The team of researchers led by Debray and Professor Marc Cahay (Department of Electrical and Computer Engineering) is the first to find an innovative and novel way to control an electron's spin orientation using purely electrical means.

"We used a quantum point contact — a short quantum wire — made from the semiconductor indium arsenide to generate strongly spin-polarized current by tuning the potential confinement of the wire by bias voltages of the gates that create it," Debray says.

In the diagram at left, (Left) Scanning electron micrograph of the quantum point contact schematically illustrates unpolarized (spin up and spin down) electrons incident on the left coming out of the device spin-polarized with spin up. (Right) Spatial distribution of spin polarization in the quantum point contact constriction.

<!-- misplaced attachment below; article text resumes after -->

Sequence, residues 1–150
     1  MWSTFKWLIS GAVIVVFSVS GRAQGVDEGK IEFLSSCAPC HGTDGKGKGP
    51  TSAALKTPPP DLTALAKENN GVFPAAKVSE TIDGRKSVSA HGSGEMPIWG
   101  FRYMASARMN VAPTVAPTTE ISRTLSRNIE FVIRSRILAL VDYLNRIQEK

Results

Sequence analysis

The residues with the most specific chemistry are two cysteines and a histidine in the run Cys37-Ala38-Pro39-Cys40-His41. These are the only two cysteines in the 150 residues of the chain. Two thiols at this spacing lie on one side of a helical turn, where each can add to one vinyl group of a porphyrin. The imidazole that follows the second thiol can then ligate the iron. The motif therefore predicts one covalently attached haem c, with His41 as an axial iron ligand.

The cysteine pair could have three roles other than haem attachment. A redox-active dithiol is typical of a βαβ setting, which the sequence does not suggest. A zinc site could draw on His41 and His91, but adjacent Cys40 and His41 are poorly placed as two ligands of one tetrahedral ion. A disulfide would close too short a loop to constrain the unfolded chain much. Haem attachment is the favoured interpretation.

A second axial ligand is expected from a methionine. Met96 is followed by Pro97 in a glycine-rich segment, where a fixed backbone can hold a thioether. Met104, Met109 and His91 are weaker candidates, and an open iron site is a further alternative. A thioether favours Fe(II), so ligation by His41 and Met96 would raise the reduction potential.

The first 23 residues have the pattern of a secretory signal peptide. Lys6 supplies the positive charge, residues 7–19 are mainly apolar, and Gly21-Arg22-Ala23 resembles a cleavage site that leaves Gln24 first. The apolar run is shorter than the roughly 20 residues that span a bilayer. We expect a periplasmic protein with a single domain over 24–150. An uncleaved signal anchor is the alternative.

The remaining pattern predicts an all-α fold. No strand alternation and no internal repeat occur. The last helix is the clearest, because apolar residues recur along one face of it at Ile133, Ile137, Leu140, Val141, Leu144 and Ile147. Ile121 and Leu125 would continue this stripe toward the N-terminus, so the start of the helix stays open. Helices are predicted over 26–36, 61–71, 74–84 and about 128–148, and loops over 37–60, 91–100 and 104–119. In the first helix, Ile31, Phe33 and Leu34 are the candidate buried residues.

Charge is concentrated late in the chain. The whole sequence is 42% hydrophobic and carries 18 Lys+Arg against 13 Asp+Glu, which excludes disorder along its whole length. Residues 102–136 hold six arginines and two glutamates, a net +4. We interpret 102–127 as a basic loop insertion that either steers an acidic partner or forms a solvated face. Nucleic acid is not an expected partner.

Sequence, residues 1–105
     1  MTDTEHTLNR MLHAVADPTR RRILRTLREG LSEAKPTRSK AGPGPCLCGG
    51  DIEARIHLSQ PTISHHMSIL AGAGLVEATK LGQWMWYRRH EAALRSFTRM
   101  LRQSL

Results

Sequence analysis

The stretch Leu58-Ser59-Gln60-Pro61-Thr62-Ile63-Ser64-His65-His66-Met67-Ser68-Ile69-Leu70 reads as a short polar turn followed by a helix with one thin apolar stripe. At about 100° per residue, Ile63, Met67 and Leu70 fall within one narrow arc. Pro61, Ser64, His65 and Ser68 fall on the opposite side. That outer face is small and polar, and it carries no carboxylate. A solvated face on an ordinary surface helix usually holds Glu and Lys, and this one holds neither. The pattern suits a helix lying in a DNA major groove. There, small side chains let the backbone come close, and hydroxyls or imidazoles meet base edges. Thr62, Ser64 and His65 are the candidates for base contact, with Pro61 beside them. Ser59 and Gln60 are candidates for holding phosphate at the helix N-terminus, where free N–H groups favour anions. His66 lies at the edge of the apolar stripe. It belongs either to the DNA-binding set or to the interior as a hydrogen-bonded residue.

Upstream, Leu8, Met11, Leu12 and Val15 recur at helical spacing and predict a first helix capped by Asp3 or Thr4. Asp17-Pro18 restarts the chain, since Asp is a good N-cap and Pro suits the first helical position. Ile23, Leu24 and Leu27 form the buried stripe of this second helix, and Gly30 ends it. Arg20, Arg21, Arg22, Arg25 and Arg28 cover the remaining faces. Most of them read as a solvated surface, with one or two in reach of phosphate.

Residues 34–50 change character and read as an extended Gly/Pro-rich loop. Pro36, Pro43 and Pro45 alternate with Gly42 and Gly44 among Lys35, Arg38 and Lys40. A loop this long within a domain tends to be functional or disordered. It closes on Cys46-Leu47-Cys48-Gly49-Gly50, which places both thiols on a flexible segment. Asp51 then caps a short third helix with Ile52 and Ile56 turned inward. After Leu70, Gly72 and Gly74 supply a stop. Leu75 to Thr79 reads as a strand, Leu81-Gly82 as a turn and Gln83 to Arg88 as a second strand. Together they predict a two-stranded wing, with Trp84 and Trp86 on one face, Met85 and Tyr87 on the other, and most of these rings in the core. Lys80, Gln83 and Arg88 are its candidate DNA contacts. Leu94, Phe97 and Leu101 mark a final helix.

Debray continues, "The key condition for the success of the experiment is that the potential confinement of the wire must be asymmetric — the transverse opposite edges of the quantum point contact must be asymmetrical. This was achieved by tuning the gate voltages. This asymmetry allows the electrons — thanks to relativistic effects — to interact with their surroundings via spin-orbit coupling and be polarized. The coupling triggers the spin polarization and the Coulomb electron–electron interaction enhances it."

Controlling spin electronically has major implications for the future development of spin devices. The work by Debray's team is the first step. The next experimental step would be to achieve the same results at a higher temperature using a different material such as gallium arsenide.

This work was supported by National Science Foundation awards ECCS 0725404 and DMR 0710581.

Wendy Beckman | EurekAlert!
Further information:
http://www.uc.edu

More articles from Interdisciplinary Research:

nachricht Bergamotene - alluring and lethal for Manduca sexta
21.04.2017 | Max-Planck-Institut für chemische Ökologie